Work and studying
Although iA Writer is often described as a minimal text editor, it’s perhaps more accurate to call it a focussed one. The main interface is streamlined – plain text, a small additional keyboard bar for adding Markdown, and an optional word count. But this app has plenty of features that make it closer in nature to a desktop app.
There’s a focus mode for highlighting the current line, and a night mode when tapping away in the dark and not searing your retinas. The Markdown preview offers multiple templates, you can sync your work to Google Drive or Dropbox, and there are plentiful export options. Add a keyboard and it’s a typewriter from the future.
SwiftKey + Emoji
The default Android keyboard is perfectly decent, but SwiftKey’s a popular alternative for good reason. Along with boasting excellent predictive typing, it enables you to more rapidly type by swiping your fingers across the keys rather than laboriously pecking away at them individually.
Initially, you might find yourself facing some oddball typos, but with some practice, SwiftKey can hugely speed up banging out some words on your device. And if you’re armed with a massive phone but wee hands, check out the excellent split keyboard.
As Android moves closer to home computer territory, syncing photos, music and work documents is increasingly important. As a free service, Dropbox offers 2GB of pleasingly simple online storage which is automatically synced whenever you log in from any of your devices – very useful for occassional file transfers, semi-permanent documents and shared folders. The Android app is nothing fancy but it doesn't need to be, getting the job done without fuss.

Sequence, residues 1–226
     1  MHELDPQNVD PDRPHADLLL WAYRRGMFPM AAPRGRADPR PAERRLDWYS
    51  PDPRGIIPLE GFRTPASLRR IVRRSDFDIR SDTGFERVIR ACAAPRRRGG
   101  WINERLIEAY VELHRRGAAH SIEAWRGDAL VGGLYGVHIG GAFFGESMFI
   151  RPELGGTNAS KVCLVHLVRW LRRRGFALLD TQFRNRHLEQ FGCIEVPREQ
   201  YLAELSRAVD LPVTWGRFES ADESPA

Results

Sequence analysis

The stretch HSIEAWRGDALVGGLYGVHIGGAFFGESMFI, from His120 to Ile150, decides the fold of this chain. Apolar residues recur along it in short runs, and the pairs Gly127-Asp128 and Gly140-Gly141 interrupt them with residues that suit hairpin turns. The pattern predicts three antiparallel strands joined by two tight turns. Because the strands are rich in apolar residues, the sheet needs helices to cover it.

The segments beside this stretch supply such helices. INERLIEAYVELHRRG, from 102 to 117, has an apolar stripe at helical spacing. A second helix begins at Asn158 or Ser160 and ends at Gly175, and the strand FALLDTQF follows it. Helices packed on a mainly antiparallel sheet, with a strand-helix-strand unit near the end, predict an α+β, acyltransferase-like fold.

Evernote is a dumping ground for everything. Got a quick idea for something amazing? Bung it in Evernote! Got a receipt? Chuck it in Evernote! Fancy recording yourself yelling “ARGH!” because you just forgot to save a receipt in Evernote and have since misplaced it? Upload it to Evernote!
It’s clean, fairly simple, hugely flexible, very cross-platform, possibly a bit too green, and remembers stuff so that you don’t have to bother.
If anyone would claim we currently live in a paperless age, we’d like to laugh in their face, but only after briefly being a bit sad that we don’t actually live without paper.
CamScanner at least tries to shift you in the right direction. Using your device’s camera, you can scan notes and receipts, and the app auto-enhances the result to make it clear and sharp. This can then be shared. (Stump up for the paid version and you also get OCR, to extract text from your scans.)